Bruce Bower

Bruce Bower

Behavioral Sciences Writer

Bruce Bower has written about the behavioral sciences since 1984. He often writes about psychology, anthropology, archaeology and mental health issues. Bruce has a master's degree in psychology from Pepperdine University and a master's degree in journalism from the University of Missouri. Following an internship at Science News in 1981, he worked as a reporter at Psychiatric News, a publication of the American Psychiatric Association, until joining Science News as a staff writer. In 1996, the American Psychological Association appointed Bruce a Science Writer Fellow, with a grant to visit psychological scientists of his own choosing. Early stints as an aide in a day school for children and teenagers with severe psychological problems and as a counselor in a drug diversion center provided Bruce with a surprisingly good background for a career in science journalism.

All Stories by Bruce Bower

  1. Photographs of W.H. Rivers and Siegfried Sassoon

    ‘Fires in the Dark’ illuminates how great healers ease mental suffering

    Kay Redfield Jamison’s new book examines approaches used throughout history to restore troubled minds and broken spirits.

  2. A painting of a group of Xiongnu herders riding horses with more livestock seen off to the side.

    How Asia’s first nomadic empire broke the rules of imperial expansion

    New studies reveal clues to how mobile rulers assembled a multiethnic empire of herders known as the Xiongnu more than 2,000 years ago.

  3. A photo of a hominid leg fossil on a black background with a magnified view of it on the right shows a variety of scratches and gouges.

    Fossil marks suggest hominids butchered one another around 1.45 million years ago

    Researchers disagree whether new evidence of stone tool marks on a hominid leg bone reflects ancient cannibalism or perhaps some other, undetected behavior.

  4. An artist reconstruction of a grave holding several bones.

    Homo naledi may have dug cave graves and carved marks into cave walls

    Proposed discoveries of humanlike activities by these ancient, small-brained hominids have elicited skepticism from some researchers.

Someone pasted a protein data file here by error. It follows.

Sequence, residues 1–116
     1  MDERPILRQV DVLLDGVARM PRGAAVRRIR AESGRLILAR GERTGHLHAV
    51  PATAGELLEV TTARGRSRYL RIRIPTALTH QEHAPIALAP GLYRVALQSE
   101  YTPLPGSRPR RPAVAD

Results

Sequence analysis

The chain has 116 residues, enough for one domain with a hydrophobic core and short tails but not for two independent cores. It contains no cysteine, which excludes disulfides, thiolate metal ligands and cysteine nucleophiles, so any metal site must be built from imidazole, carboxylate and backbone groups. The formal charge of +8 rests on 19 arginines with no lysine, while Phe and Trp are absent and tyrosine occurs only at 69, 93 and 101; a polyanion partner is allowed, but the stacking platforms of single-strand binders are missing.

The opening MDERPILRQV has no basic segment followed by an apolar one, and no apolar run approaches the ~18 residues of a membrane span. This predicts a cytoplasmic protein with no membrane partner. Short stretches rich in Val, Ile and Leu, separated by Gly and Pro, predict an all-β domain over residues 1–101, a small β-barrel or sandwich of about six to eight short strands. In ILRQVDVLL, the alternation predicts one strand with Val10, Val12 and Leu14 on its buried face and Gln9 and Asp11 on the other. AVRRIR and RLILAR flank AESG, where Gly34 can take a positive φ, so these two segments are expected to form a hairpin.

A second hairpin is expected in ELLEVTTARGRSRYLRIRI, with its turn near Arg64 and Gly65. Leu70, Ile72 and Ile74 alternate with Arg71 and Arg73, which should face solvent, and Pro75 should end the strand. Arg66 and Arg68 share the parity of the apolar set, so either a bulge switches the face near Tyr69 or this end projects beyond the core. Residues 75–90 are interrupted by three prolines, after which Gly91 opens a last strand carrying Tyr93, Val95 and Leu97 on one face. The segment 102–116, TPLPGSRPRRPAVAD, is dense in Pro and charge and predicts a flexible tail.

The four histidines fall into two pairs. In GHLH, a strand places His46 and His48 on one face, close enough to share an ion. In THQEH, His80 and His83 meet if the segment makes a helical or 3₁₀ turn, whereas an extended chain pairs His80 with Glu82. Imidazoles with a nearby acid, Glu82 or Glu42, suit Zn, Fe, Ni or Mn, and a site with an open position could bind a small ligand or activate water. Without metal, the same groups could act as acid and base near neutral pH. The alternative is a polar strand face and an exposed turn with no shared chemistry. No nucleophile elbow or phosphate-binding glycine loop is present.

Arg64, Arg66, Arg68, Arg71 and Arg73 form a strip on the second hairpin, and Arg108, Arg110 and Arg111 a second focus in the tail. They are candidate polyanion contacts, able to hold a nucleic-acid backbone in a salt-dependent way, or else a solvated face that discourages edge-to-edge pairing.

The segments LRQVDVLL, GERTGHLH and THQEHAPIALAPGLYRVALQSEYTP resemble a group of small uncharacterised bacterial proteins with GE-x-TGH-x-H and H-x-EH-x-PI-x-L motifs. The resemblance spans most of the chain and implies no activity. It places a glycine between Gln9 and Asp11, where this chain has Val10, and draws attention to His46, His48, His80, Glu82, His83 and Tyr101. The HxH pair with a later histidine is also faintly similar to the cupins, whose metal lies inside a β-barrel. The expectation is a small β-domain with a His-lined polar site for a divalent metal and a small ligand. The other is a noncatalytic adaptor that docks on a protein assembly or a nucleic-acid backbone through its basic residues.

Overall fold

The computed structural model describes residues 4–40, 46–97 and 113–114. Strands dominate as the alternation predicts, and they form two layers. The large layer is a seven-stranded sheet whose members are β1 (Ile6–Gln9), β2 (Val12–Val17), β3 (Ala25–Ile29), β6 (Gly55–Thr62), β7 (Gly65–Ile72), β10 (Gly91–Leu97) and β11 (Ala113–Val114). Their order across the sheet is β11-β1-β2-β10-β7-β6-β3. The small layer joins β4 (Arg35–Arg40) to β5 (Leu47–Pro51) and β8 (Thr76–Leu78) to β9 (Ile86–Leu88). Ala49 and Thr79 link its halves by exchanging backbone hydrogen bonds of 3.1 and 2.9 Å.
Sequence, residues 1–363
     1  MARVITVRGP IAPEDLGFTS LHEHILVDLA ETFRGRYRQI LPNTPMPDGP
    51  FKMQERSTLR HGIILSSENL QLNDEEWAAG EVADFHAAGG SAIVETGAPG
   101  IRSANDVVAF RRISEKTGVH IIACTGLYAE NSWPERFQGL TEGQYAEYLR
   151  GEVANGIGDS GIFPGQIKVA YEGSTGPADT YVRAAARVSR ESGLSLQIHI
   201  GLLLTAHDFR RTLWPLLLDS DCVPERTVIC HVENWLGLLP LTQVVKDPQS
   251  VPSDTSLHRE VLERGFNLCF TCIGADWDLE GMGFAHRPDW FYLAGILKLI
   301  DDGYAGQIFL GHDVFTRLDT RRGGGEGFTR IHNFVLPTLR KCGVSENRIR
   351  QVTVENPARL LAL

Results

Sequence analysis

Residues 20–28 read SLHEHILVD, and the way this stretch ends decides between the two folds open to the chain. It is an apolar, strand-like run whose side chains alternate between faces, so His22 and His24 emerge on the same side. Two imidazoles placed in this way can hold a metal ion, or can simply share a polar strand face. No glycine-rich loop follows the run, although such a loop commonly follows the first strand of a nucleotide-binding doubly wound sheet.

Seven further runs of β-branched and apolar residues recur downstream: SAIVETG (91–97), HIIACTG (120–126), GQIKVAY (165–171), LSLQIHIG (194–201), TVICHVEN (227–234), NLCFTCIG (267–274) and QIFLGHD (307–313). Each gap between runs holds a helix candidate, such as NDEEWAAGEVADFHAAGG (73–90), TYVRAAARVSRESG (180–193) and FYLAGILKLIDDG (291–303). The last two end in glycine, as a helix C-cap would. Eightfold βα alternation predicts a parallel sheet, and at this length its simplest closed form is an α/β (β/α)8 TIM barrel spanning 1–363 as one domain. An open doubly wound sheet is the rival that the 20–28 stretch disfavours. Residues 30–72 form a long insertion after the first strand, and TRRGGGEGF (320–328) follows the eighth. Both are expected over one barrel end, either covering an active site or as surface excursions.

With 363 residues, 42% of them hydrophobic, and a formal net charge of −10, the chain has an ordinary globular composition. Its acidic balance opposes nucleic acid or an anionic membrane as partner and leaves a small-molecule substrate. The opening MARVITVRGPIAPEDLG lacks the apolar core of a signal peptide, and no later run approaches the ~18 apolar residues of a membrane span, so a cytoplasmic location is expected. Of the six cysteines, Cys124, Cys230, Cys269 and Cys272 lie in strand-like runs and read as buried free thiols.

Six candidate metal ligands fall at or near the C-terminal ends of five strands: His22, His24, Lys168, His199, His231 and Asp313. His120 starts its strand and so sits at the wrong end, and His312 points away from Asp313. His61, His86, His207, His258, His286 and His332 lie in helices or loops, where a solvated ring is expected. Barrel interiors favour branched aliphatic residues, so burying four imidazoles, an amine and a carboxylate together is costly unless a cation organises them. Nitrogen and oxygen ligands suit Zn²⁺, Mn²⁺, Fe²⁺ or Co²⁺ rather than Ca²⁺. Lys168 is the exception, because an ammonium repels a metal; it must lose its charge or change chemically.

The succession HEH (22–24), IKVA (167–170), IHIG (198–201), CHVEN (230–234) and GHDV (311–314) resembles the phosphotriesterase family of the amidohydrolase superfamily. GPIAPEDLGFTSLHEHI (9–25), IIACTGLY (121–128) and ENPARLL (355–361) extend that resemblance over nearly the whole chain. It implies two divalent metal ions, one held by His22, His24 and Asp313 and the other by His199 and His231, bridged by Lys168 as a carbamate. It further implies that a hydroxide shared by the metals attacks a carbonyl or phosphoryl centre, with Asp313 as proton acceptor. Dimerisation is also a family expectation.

5. An overhead photo of a massive ancient hunting trap in Jordan.

    The oldest scaled-down drawings of actual structures go back 9,000 years

    Rock engravings in Jordan and Saudi Arabia may be maps or blueprints of desert kites, massive structures once used to capture animal herds.

  6. An overhead image of a small deer tooth pendant with a hole drilled into it

    Ancient human DNA was extracted from a 20,000-year-old deer tooth pendant

    Insights into Stone Age people’s lives may soon come from a new, nondestructive DNA extraction method.

  7. A photo of the inside of cave with stalagmites and stalactites in a yellow light.

    Hair analysis reveals Europe’s oldest physical evidence of drug use

    Analyses of human hair found in a Mediterranean cave turned up psychoactive plant substances, revealing use of hallucinogens around 3,000 years ago.

  8. A close up image of a light orange snail with a brown shell sitting on the ground.

    What did Homo sapiens eat 170,000 years ago? Roasted, supersized land snails

    Charred shell bits at an African site reveal the earliest known evidence of snail-meal prep, suggesting ancient humans cooked and shared the mollusks.

  9. An image of a Native American man standing next to a brown horse while other brown horses mill in the background.

    Native Americans corralled Spanish horses decades before Europeans arrived

    Great Plains groups incorporated domestic horses into their cultures by the early 1600s, before Europeans moved north from Mexico.

  10. illustration showing rotting mean, fruit, vegetables and an animal carcass

    A surprising food may have been a staple of the real Paleo diet: rotten meat

    The realization that people have long eaten putrid foods has archaeologists rethinking what Neandertals and other ancient hominids ate.

  11. Three long-tailed macaque monkeys appear to be pounding open oil plam nut with rocks.

    Some monkeys accidentally make stone flakes that resemble ancient hominid tools

    A study of Thailand macaques raises questions about whether some Stone Age cutting tools were products of planning or chance.

  12. An artistic portrayal of a southeastern European hunter-gatherer from the Gravettian culture. The man has dark skin and dark hair. He is wearing a skull cap, necklace and a fur shawl.

    Ancient DNA unveils disparate fates of Ice Age hunter-gatherers in Europe

    Ancient DNA unveils two regional populations that lived in what is now Europe and made similar tools but met different fates.